For any writer looking for a useful blog about writing and the craft of writing, there is any number of excellent blogs dedicated to exactly that. As a formerly aspiring writer, I have thrown my hat in with those people – well, insofar as posting links and tips that I have found that helped me as a writer – you will have to judge the quality for yourselves.
What do I have that makes me different? Well, nothing really; I write, I edit, I write some more. But I do have something that many (but by no means all) do not have: I have a disability. I have Multiple Sclerosis.
For those that don’t know Multiple Sclerosis (MS), the NHS describes it:
Multiple sclerosis (MS) affects nerves in the brain and spinal cord, causing a wide range of symptoms including problems with muscle movement, balance and vision.
Each nerve fibre in the brain and spinal cord is surrounded by a layer of protein called myelin, which protects the nerve and helps electrical signals from the brain travel to the rest of the body. In MS, the myelin becomes damaged.
This disrupts the transfer of these nerve signals, causing a wide range of potential symptoms, such as:
- loss of vision – usually only in one eye
- spasticity – muscle stiffness that can lead to uncontrolled muscle movements
- ataxia – difficulties with balance and co-ordination
- fatigue – feeling very tired during the day
Writing with MS is a challenge. In particular, these are some of the challenges I face, relating to my writing:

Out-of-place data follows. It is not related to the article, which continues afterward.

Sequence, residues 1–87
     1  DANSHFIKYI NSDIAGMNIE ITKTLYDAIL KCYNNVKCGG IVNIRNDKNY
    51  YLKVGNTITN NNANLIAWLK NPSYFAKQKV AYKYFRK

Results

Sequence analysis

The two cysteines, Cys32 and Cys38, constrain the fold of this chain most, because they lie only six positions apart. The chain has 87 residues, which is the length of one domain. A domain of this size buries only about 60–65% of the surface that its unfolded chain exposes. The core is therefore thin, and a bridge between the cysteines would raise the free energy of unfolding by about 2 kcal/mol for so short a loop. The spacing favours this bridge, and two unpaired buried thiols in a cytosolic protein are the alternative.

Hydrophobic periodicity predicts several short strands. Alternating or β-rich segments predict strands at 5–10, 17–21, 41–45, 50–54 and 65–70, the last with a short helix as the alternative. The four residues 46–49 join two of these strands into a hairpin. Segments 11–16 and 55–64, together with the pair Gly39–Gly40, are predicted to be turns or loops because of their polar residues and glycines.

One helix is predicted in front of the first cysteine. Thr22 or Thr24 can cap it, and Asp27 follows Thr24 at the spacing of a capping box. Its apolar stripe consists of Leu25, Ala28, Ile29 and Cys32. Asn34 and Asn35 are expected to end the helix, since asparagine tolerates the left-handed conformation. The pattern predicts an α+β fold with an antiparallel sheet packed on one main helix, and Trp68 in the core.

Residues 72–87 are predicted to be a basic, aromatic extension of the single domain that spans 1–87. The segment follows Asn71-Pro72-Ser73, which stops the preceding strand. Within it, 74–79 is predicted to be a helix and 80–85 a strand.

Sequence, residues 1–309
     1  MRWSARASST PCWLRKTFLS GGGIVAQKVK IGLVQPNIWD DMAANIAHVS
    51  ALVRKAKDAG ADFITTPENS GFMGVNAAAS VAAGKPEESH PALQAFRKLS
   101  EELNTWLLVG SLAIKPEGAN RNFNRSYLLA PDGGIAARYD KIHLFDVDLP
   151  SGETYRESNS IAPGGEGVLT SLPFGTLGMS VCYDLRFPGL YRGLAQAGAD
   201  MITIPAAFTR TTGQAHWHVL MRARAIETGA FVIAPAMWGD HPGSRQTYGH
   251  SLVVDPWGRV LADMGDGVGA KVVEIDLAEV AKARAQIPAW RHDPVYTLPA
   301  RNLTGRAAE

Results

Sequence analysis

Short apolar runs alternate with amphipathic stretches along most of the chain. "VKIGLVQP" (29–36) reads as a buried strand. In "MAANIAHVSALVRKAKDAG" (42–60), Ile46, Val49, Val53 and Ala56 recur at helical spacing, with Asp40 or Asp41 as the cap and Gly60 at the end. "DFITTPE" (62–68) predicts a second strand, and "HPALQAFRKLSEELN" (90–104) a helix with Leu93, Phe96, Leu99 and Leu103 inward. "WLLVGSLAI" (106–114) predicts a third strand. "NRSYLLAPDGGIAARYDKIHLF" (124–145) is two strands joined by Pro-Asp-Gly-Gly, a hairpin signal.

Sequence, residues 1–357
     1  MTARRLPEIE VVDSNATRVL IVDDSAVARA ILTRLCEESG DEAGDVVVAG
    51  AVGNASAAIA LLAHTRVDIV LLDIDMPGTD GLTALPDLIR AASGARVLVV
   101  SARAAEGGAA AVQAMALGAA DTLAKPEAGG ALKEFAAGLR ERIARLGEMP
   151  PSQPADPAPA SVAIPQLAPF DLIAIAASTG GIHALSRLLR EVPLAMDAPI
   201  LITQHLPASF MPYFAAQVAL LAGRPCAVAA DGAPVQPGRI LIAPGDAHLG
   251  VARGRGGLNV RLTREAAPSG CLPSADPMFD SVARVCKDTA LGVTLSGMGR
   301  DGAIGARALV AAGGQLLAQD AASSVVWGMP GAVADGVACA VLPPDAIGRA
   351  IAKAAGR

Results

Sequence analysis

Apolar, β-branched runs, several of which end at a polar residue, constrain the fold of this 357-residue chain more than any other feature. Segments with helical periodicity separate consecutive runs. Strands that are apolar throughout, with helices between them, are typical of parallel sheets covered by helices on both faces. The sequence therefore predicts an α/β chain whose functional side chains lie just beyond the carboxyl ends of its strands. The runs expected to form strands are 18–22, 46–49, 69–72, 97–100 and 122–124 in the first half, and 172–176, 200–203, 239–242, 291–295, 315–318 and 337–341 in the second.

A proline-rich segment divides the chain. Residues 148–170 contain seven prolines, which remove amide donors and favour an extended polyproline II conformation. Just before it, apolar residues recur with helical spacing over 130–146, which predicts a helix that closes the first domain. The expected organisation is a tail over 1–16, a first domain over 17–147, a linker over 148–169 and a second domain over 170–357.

Coordination – I have reduced coordination in my upper limbs, so typing is quite demanding, as is hitting all the right keys. Thank goodness for spell checking.
Eyesight difficulties – Whilst I am still able to see quite well, sometimes, particularly when I am tired, it is almost as if someone has pointed a very bright light at the screen, making it difficult to read.
Thinking – Sometimes my thinking is ‘clouded.’ Imagine taking a trip. You know where you are and you know the destination, but the bits in between don’t always connect. Like moving from the start of a story through to the conclusion – sometimes the pieces don’t always make sense.
Fatigue – One of the more challenging symptoms. In an ideal world, I’d be able to get up early in the morning, write a few hundred words, go to work (the work that pays me), then come home and write into the evening. Really difficult when you wake up feeling like you’ve run back-to-back marathons. NaNoWriMo sounds great, but realistically, would I have the energy?
There are many more challenges I face on a daily basis that indirectly impact on my writing, but I will tackle them over the course of this series as they occur to me. I’m hoping this will get me into a regular writing habit, assisting with my writing in general, and along the way I’ll share some of those challenges.